Legislative Agencies

In order to assist the President and Congress with administering and overseeing the vast number of federal laws, Congress establishes legislative agencies and delegates rulemaking authority to them. Each legislative agency is responsible for a specific industry or public service. To create a legislative agency, Congress must pass a statute, or “enabling act.” The enabling act defines the scope of the legislative agency’s power and defines the areas or subjects within its jurisdiction. For example, the enabling act that created the United States Food and Drug Administration is the Federal Food, Drug, and Cosmetic Act.

Legislative agencies are subject to the Administrative Procedures Act, or APA. The APA was passed in 1946 and designed to establish general rules and procedures that apply to agencies’ conduct and activities. The APA also outlines the procedures that a party must follow in order to seek judicial review of an agency action. Legislative agencies that seek to promulgate new regulations must abide by the APA’s public notice and comment requirements, and they must post notices in the Federal Register.

Many of the most widely known federal agencies are legislative agencies. For example, the Congressional Budget Office, or CBO, is responsible for preparing independent analyses of economic and budgetary issues to aid Congress. The CBO provides objective, non-partisan economic support, including cost estimates for legislators to include in proposed bills and to project the amount of funding available to existing programs for future years. Congress has also established the Government Accountability Office, or GAO. Led by the United States Comptroller General, the GAO maintains its own Office of General Counsel. GAO’s legal division renders legal decisions, reports, and opinions concerning bid protests in government procurement disputes.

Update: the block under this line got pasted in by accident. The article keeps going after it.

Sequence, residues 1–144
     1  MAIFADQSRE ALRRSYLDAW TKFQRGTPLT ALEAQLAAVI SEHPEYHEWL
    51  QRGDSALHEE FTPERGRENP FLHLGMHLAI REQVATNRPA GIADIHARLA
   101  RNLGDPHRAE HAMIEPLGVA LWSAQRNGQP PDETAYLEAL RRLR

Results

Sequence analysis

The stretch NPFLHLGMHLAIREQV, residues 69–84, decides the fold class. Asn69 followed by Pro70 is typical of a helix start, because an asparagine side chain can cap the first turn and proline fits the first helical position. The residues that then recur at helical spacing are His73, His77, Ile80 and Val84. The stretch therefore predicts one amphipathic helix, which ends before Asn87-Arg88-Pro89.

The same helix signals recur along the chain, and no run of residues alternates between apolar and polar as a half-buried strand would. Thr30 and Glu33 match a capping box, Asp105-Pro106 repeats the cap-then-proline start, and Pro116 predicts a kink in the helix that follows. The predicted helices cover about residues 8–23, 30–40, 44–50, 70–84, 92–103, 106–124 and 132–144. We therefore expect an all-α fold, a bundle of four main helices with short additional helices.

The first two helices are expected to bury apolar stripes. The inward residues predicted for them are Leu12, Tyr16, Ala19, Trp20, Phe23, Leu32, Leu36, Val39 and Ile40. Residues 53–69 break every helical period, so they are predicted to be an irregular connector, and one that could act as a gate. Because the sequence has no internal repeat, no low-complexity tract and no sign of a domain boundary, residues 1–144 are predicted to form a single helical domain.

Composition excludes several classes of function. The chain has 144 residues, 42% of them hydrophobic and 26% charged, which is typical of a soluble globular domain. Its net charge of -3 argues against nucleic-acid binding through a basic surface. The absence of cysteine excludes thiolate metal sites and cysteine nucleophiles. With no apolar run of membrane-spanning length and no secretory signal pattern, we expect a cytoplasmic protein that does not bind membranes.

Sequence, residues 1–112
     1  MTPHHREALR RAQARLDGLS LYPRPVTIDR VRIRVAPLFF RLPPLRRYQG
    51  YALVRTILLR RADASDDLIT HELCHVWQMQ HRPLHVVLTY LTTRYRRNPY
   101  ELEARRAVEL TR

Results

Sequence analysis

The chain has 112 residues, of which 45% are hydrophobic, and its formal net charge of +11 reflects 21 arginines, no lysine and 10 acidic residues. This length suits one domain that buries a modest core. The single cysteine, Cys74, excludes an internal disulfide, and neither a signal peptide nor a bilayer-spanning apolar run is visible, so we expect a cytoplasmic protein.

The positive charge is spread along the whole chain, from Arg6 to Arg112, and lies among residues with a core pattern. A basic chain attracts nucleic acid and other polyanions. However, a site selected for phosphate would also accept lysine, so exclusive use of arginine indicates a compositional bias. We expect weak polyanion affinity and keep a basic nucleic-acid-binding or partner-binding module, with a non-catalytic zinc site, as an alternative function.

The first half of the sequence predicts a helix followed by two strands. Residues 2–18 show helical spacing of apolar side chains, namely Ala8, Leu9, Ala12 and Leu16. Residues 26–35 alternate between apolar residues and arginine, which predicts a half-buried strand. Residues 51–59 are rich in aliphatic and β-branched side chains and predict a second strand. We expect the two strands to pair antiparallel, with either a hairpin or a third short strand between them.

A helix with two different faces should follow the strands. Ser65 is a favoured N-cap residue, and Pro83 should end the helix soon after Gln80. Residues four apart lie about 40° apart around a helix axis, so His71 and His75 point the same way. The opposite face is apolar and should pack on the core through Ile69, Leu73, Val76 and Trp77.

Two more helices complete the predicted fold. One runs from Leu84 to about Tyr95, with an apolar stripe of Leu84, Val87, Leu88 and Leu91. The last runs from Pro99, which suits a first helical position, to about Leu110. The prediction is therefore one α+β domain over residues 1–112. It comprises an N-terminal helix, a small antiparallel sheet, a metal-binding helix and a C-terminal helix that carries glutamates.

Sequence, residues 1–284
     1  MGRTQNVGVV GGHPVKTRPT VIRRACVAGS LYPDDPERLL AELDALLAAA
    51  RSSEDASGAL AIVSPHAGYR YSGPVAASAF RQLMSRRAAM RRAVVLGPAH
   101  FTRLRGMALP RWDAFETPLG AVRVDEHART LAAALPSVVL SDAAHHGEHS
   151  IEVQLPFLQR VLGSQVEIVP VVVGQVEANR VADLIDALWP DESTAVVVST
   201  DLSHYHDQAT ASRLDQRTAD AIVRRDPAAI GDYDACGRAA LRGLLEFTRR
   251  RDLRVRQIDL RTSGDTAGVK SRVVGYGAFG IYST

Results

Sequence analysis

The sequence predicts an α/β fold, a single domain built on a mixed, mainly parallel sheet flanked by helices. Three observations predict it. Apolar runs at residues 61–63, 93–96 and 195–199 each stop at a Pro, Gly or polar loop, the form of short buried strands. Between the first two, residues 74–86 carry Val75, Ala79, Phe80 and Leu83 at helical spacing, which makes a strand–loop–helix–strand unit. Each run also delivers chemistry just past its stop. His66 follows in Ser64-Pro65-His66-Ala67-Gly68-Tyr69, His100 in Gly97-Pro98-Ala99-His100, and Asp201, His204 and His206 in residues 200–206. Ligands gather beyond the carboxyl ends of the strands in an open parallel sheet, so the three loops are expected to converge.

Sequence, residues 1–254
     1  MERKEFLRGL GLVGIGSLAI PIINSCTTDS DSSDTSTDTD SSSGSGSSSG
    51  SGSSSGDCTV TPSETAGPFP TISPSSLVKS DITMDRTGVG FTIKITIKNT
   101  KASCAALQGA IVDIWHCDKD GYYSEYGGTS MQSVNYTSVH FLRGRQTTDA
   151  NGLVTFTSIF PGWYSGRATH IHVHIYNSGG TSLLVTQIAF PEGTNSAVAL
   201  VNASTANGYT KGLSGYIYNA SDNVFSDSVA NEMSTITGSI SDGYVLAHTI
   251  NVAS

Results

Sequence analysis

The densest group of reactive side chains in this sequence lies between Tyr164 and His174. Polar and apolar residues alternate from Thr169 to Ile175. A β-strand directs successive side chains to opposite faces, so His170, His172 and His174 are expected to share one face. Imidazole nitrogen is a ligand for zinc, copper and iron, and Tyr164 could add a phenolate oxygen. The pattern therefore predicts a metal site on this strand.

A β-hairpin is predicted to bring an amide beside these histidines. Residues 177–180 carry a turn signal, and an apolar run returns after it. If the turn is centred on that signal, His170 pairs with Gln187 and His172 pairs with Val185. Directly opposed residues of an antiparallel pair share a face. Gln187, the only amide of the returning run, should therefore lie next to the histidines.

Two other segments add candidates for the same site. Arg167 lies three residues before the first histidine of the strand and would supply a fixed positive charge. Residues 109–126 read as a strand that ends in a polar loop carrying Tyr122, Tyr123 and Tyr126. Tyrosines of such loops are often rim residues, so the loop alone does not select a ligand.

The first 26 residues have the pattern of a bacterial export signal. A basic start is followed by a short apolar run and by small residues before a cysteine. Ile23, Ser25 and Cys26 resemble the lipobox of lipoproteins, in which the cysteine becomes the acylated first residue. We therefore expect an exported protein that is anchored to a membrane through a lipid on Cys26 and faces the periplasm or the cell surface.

The Library of Congress is another widely recognized legislative agency. It is the oldest federal cultural institution in the United States and acts as the main research hub of Congress. It also maintains the largest library in the world, featuring millions of photographs, books, maps, manuscripts, and recordings. Other key legislative agencies include the Government Publishing Office and the United States Capitol Police.

Unlike executive agencies, the leaders or heads of legislative agencies are not part of the presidential Cabinet. Leaders of legislative agencies can be appointed in a variety of ways. For example, the Speaker of the House of Representatives and the president pro tempore of the Senate jointly appoint the head of the CBO. The president has the authority to appoint some legislative agency heads with the advice and consent of the senate, including the GAO and the Library of Congress. While the president enjoys broad discretion and authority to appoint and terminate the heads of executive agencies, the president must have good cause before terminating the head of a legislative agency. Examples of good cause include neglect of duties, malfeasance, and incapacity.

At the state level, legislative agencies serve similar functions and are created by similar means. A state legislature typically enacts a statute that provides for the establishment of a particular agency and delegates specific rulemaking authority to the agency. State agencies are usually subject to some form of legislative oversight, and they must continually provide reports and updates on their progress.